1. We must allow this appeal on the ground that the provisions of Section 71 of the Excise Act, have been entirely ignored. The charge was one of adulteration under Section 64 for having committed a broach of one of the conditions of the licence namely the condition that prohibits the sale of. adulterated liquor. The charge was established by showing that the son had done it, and that the licensee was absent at the time. But the Magistrate convicted on the ground that the father was aware of the conduct of his son. The learned Sessions Judge has acquitted the licensee following the decision in the case of Ram Das v. Emperor (1918) 40 All. 568 on the word 'wilfully' used in Section 64. That case contains no reference to Section 71, and Section 71 places the burden upon the licence-holder, for any offence wilfully committed by any person in his employ and acting on his behalf of establishing that he took all due and reasonable precaution to prevent the commission of the offence. Unless he establishes that, he is liable to conviction as though he had done it himself. No attempt of that kind was made by the defence, and, therefore, the ground upon which the learned Judge has allowed the appeal is not established and the appeal must be allowed and the order of the Magistrate restored.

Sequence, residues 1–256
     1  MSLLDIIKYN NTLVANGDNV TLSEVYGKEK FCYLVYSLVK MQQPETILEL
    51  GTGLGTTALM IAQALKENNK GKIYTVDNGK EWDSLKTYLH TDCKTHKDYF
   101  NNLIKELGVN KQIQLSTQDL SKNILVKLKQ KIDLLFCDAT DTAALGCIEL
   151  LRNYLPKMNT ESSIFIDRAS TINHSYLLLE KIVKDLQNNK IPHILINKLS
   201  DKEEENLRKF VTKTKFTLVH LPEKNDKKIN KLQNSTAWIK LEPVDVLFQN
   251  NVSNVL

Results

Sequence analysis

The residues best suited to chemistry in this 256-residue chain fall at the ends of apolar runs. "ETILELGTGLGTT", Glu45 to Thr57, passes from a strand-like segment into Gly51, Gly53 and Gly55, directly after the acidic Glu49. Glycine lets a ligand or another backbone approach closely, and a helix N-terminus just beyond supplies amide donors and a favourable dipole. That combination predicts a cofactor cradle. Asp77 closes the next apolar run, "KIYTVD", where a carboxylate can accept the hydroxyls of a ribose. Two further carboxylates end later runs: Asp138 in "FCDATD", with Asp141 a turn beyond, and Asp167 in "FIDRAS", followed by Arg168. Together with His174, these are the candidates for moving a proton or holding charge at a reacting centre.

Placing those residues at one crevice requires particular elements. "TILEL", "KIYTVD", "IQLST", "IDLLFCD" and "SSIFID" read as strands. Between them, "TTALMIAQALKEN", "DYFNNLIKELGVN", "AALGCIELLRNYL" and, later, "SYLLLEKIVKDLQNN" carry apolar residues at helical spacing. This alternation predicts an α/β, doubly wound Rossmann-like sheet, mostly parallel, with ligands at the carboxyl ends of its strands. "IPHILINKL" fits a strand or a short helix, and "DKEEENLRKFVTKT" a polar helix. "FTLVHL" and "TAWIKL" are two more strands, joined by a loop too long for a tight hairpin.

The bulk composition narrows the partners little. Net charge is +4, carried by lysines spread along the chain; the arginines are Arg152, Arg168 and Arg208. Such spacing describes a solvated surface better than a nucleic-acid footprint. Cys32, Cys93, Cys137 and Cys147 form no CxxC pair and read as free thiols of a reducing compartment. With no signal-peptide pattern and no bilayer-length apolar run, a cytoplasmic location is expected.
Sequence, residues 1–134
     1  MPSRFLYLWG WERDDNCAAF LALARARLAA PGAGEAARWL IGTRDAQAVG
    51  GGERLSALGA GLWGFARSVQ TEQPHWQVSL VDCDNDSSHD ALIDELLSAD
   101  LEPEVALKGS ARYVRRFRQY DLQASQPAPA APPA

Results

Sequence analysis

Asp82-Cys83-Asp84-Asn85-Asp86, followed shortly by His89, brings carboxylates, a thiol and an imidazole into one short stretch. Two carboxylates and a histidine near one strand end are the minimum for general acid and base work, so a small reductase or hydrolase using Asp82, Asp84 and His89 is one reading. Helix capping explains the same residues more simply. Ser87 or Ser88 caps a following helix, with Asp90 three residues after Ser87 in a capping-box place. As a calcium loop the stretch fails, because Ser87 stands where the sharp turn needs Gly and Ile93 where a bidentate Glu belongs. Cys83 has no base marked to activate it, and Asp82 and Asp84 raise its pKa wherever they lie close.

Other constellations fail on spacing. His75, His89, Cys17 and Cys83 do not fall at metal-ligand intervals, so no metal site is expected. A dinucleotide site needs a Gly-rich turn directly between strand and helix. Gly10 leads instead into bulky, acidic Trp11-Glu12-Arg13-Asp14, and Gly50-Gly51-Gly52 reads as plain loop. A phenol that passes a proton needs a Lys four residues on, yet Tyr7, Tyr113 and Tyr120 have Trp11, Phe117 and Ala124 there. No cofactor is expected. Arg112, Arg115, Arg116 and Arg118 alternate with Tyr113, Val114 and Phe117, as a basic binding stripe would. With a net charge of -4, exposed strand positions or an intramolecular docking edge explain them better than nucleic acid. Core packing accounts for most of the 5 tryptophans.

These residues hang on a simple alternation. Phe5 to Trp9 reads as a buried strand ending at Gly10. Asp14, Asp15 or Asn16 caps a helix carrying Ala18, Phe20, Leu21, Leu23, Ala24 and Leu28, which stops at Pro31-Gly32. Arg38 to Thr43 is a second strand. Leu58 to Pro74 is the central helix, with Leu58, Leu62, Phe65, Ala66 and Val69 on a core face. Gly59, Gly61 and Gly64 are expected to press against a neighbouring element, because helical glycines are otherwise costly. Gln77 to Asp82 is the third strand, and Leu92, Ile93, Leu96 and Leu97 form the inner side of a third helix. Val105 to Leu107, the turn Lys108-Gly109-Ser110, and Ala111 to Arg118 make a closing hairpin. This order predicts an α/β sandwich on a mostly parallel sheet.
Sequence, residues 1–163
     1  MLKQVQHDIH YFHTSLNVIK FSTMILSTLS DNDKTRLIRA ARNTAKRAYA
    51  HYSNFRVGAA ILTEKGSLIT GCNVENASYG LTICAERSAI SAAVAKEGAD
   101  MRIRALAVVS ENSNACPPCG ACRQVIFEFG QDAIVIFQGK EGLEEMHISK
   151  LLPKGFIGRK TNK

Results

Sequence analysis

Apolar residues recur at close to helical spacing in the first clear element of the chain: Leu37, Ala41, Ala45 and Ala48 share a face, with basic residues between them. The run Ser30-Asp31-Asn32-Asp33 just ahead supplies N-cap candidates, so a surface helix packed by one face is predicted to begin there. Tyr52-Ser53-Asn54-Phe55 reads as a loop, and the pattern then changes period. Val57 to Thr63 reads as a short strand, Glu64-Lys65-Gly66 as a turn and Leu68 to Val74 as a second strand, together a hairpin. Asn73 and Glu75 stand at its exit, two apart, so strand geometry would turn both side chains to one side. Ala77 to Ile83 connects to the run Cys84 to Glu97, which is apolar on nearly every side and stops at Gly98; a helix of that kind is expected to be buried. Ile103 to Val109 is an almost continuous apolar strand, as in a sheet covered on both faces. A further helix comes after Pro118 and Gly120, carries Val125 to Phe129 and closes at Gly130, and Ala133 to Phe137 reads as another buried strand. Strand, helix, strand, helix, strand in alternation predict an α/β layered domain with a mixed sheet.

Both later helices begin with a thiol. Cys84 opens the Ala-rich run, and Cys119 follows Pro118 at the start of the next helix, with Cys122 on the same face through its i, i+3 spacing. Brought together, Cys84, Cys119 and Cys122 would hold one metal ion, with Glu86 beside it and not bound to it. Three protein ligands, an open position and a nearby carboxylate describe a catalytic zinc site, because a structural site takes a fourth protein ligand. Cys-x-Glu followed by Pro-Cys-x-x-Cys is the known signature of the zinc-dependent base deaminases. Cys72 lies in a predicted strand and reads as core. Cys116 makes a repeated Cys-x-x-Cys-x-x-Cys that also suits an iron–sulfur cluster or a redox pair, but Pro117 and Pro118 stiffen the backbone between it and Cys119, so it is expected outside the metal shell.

2. There was a further charge with regard to selling in breach of his licence by charging an excessive price. We think the Magistrate was right about this. The learned Judge does not appear to have said much about this. For the reasons given in the case of King-Emperor v. Kishen Chand (1918) 40 All. 568, Government Appeal No. 929 of 1924 decided to-day, we think that the Magistrate was right in this case also. But in restoring his order we reduce the penalty for selling at an excessive price. We fine him Rs. 1 and reduce the fine for breach of Rule 6 to Rs. 149, the result being that he will pay Rs. 150 in all.